Cyber resilience health check

Effective cyber resilience requires leadership and a commitment of resources to develop strategies, including responses to a cyber attack.

Cathie Armour, Commissioner

This article was submitted to the Governance Institute for publication in the Governance Directions magazine in June 2015

There has been a significant growth in the number and severity of global cyber-attacks in the last few years. The annual cost of cyber-attacks to the global economy is estimated at more than $400 billion.[1] ASIC is urging organisations to undertake a 'health check'[2] to assess their risk management practices and test their degree of cyber resilience.

Cyber resilience is an organisation’s ability to prepare for and respond to a cyber-attack and continue operation during, or quickly adapt and recover from, a cyber-attack.

What is the risk?

The risk of cyber-attack may arise from employees and other insiders, corporate espionage, organised crime, hacktivists and in some cases may be state sponsored. It may be for the purpose of identity theft, espionage, network interruption, ransom, fraud, money laundering or a number of other purposes.

The types of risks businesses face, and the efforts that they will need to undertake to ensure their cyber resilience, will depend on the nature, scale and complexity of their businesses.

While the source of risk, the threat posed and an entity's vulnerabilities are limitless and constantly evolving, it is clear that when a cyber-attack does occur it can undermine businesses and impact our economy. There is the risk that investor confidence in the financial system and wider economy will be eroded.  

Considering cyber-threats as part of risk framework

Effective cyber resilience requires leadership and a commitment of resources to develop strategies, including responses to a cyber-attack. ASIC encourages company officers to assess their entity's threats and vulnerabilities now, and understand what, where and how its most valuable information is held. This assessment will allow an entity to prioritise resources to mitigate the effect of a potential cyber-attack.

Companies should specifically consider:

  1. if cyber risks have been incorporated into your governance and risk management practices, and if there are adequate controls and measures for managing those risks, including insurance; and
  2. how frequently should cyber security policies and procedures be tested, reviewed and updated.

These are matters that should be considered by the board and may impact on continuous and periodic reporting requirements.

Listed entity reporting requirements

Consistent with the ASX Corporate Governance Council's Corporate governance principles and recommendations[3], listed entities must ensure annual disclosure of material business risks that could adversely affect the achievement of the financial performance or financial outcome described.  Depending on the business of an entity, cyber risks and resilience may need to be included in the assessment of material business risks.

For some entities raising capital it will also be appropriate to include disclosure of cyber risks and mitigation strategies to manage those risks in a prospectus. Disclosure of these risks in a prospectus will be required where it is relevant to an investor's decision and is reasonably require to assess the merits of the offer.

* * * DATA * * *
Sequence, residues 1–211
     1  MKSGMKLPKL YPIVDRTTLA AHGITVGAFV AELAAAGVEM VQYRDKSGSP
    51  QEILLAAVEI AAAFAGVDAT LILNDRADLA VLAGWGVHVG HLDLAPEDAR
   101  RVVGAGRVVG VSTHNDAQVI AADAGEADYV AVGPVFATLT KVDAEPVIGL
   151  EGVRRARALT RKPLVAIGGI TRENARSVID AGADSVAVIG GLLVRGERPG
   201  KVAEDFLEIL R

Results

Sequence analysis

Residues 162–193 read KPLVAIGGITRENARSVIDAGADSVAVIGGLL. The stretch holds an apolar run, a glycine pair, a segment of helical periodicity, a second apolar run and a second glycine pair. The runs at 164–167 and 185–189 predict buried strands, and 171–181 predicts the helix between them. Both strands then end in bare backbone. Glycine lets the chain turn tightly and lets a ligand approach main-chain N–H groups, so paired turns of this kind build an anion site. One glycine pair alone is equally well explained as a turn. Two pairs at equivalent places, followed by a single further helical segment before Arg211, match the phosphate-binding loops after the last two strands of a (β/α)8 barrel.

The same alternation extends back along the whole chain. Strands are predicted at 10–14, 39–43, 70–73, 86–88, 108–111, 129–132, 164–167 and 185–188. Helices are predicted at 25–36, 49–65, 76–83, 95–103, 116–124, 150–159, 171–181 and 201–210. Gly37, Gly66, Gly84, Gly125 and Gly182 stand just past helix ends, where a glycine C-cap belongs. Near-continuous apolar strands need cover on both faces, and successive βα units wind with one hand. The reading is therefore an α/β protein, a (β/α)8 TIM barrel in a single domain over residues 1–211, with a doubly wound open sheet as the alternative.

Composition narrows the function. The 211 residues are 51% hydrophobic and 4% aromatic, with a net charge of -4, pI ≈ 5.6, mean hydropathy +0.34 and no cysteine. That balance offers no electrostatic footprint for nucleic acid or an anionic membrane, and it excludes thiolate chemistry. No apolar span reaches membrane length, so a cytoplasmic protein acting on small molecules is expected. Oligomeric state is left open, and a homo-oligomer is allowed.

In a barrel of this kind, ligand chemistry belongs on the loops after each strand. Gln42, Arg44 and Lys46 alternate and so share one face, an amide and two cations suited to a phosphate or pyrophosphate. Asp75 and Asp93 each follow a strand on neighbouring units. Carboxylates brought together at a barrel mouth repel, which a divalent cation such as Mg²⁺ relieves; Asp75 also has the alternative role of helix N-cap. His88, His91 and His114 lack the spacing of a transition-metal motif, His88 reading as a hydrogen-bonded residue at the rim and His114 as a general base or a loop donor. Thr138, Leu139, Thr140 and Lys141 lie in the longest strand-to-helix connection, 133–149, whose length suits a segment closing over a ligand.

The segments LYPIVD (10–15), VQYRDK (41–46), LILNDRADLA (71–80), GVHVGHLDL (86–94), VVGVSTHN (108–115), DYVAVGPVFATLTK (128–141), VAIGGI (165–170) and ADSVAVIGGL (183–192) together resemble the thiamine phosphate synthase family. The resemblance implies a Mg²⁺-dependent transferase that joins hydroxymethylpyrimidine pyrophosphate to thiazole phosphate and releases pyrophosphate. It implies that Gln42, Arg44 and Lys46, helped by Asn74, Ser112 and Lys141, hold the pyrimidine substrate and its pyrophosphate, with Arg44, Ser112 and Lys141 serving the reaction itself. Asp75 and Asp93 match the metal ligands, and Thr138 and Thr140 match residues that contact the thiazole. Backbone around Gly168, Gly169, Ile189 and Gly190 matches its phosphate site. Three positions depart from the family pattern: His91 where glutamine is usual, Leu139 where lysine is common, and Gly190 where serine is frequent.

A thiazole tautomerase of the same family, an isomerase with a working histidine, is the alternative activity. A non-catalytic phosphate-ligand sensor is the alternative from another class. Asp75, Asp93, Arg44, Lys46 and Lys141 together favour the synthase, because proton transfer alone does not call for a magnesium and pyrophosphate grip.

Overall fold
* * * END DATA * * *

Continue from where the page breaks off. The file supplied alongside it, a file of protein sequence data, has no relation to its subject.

Listed entities must immediately disclose ‘market sensitive information’ to the market operator once they become aware of the information.  As a result listed entities will need to consider how and when a cyber-attack may require disclosure as ‘market sensitive information’.

Obligations of financial sector entities

Entities in the financial sector licensed by ASIC, have legal obligations including risk management and disclosure requirements that aren't required of other entities.  ASIC expects that financial sector entities will address cyber resilience as part of these obligations.  The consequence for failing to meet risk management and disclosure obligations may be fines, penalties, enforceable undertakings, licensing conditions, or a license suspension or cancellation.  For directors or company officers, it could result disqualification from the financial services industry.

Global standards

ASIC considers the US developed NIST Framework has particular relevance as a standard to manage cyber resilience for financial service providers operating globally. It is expected to become a de facto global benchmark for financial markets.

The Australian government has established the Computer Emergency Response Team (CERT) which provides free advice and support on cyber threats and cyber vulnerabilities to owners and operators of Australia’s critical infrastructure and other systems of national interest. ASIC encourages major financial institutions and market infrastructure providers to partner with CERT before an incident occurs, and report all cyber security incidents to CERT.

The digital economy provides great opportunity for economic growth.  Australians are rapid adopters of technology with 7.5 million Australians accessing the internet via their mobile phones in 2013, an increase of 33% from 2012. [4] It is important to remember that just as we adapt to the new opportunities provided by the digital economy we must also adapt to new risks.


[1] Centre for Strategic and International Studies, Net Losses: Estimating the Global Cost of Cybercrime—Economic impact of cybercrime II, June 2014, p2.

[2] Report 429: Cyber resilience: Health Check, 2015,

[3] ASX Corporate Governance Council, Corporate governance principles and recommendations, 3rd edition, ASX, 2014.

[4] Australian Communications and Media Authority (ACMA) 2013, Communications report 2012–13, ACMA, Melbourne

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Last updated: 26/05/2016 09:33